Costa Rica Travel FAQ and Answers
Are you in the midst of planning your Costa Rica vacation and need some quick answers to commonly asked questions? From entry requirements to local driving conditions and drinking water, here’s what you need to know before packing your bags.
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Q. What are the entry requirements?
For citizens of the United States, Canada, and most EU countries, Costa Rica immigration requires a valid passport and proof of onward travel for entry. Most tourists are granted a 90-day stay upon arrival. If you are flying in on a one-way ticket, airline officials will ask for onward travel documentation, in the form of a bus or airline ticket.
Q. When is the best time to travel in Costa Rica?
That depends on your personal preferences, but in terms of the weather, if you want guaranteed sunshine, the dry season runs from mid December through April. This is labeled Costa Rica’s ‘high tourism period’ as it’s the most popular time for most vacationers. The rainy season (a.k.a. green season) months of May through November typically have fewer crowds and discounted rates on Costa Rica vacation rentals and hotel stays. Both seasons have their perks, and it rarely rains continuously in the green season, so visitors have plenty of opportunities for outdoor adventures.
Q. How are the driving conditions and should I rent a car?
The majority of Costa Rica’s major highways are in good shape, and driving here – just like that in any big city – requires a dose of patience. The best advice is to stay alert for unexpected surprises and avoid long trips at night when visibility is compromised. A GPS system comes in handy for navigating poorly signed parts of the country, and a car rental is definitely recommended for travelers who want to get off the tourist path and explore on their own. Most car rental agencies will include a GPS for a small daily fee. Gasoline prices are currently hovering around $5.50 a gallon.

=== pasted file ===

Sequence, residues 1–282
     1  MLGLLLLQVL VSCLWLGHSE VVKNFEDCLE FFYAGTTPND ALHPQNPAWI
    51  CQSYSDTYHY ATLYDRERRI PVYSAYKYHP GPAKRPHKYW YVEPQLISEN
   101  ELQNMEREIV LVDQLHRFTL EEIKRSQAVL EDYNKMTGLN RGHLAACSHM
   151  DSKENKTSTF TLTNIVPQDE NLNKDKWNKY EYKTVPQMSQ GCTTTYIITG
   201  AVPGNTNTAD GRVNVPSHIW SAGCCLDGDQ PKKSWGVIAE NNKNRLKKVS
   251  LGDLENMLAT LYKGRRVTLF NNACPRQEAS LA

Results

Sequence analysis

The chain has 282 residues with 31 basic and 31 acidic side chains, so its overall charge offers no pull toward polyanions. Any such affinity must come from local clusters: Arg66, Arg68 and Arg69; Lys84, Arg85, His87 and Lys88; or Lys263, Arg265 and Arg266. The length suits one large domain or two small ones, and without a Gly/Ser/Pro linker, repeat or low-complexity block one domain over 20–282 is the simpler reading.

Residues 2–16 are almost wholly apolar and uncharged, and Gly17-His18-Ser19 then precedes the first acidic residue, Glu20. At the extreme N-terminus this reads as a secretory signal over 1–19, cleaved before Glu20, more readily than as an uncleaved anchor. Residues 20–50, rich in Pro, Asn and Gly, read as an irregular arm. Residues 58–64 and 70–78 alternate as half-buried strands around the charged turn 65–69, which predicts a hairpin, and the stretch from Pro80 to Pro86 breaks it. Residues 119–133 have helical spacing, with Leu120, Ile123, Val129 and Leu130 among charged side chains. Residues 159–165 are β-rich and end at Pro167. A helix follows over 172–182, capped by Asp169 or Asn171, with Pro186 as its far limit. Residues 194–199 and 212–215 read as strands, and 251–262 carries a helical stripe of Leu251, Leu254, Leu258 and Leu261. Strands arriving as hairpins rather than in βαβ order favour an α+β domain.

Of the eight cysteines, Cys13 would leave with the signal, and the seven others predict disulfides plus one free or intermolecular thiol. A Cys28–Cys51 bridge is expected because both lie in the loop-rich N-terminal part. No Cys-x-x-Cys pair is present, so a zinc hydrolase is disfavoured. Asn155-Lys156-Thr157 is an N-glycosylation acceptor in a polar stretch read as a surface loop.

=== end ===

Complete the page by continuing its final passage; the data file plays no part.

Q. Are there any medical concerns or mandatory vaccines?
Unless you’re flying in from certain South American or African countries, there are no mandatory vaccines to enter Costa Rica. The country boasts one of the best health care systems in Latin America and has several first-class hospitals in and around San Jose and Liberia, with English speaking staff. The only health concern is that of Dengue Fever, which is a virus transmitted by mosquitoes. Dengue is not especially prevalent and can be prevented with liberal use of insect repellent.
Q. Do I need to exchange money and can I use my credit cards?
The local currency is known as the colon, and the exchange rate is currently around 500 CRC to 1 USD. Most tour operators, restaurants, hotels and business in major tourist hubs accept U.S. dollars, but the rate may not be as favorable. You can withdraw both dollars and Costa Rica colones using your ATM card from banks throughout the country. Additionally, most businesses accept Visa and Mastercard, but it’s best to verify payment methods beforehand.
Q. Can I drink the tap water in Costa Rica?
Yes, the tap water is safe to drink throughout the country unless you see signage that indicates the water is not potable. If you have a sensitive system or are traveling to very remote areas, you may consider purchasing bottled water to play it safe.
Q. Is there an exit tax at the airport?
Whether you’re departing from the Liberia (LIR) or San Jose (SJO) international airports, you will be required to pay a $28 departure tax before checking in for your flight. This tax is mandatory, and can be paid in cash, with dollars or colones, or by major credit card. If you are leaving the country overland or by ocean liner, this exit tax is waived.